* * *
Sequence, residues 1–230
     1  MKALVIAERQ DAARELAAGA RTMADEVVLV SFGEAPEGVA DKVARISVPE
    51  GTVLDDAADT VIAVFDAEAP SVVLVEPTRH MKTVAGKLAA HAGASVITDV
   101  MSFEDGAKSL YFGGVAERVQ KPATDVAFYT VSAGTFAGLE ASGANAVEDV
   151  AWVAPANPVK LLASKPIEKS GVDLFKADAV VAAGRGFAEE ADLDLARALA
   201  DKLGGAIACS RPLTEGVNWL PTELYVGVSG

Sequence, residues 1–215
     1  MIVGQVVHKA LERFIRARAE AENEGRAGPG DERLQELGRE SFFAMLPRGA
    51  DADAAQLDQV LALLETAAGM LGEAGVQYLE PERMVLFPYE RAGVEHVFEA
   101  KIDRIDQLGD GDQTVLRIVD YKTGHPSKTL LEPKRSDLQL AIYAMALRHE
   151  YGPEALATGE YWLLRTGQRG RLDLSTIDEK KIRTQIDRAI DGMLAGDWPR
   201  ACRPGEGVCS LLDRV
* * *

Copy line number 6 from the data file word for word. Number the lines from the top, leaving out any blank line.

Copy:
   201  DKLGGAIACS RPLTEGVNWL PTELYVGVSG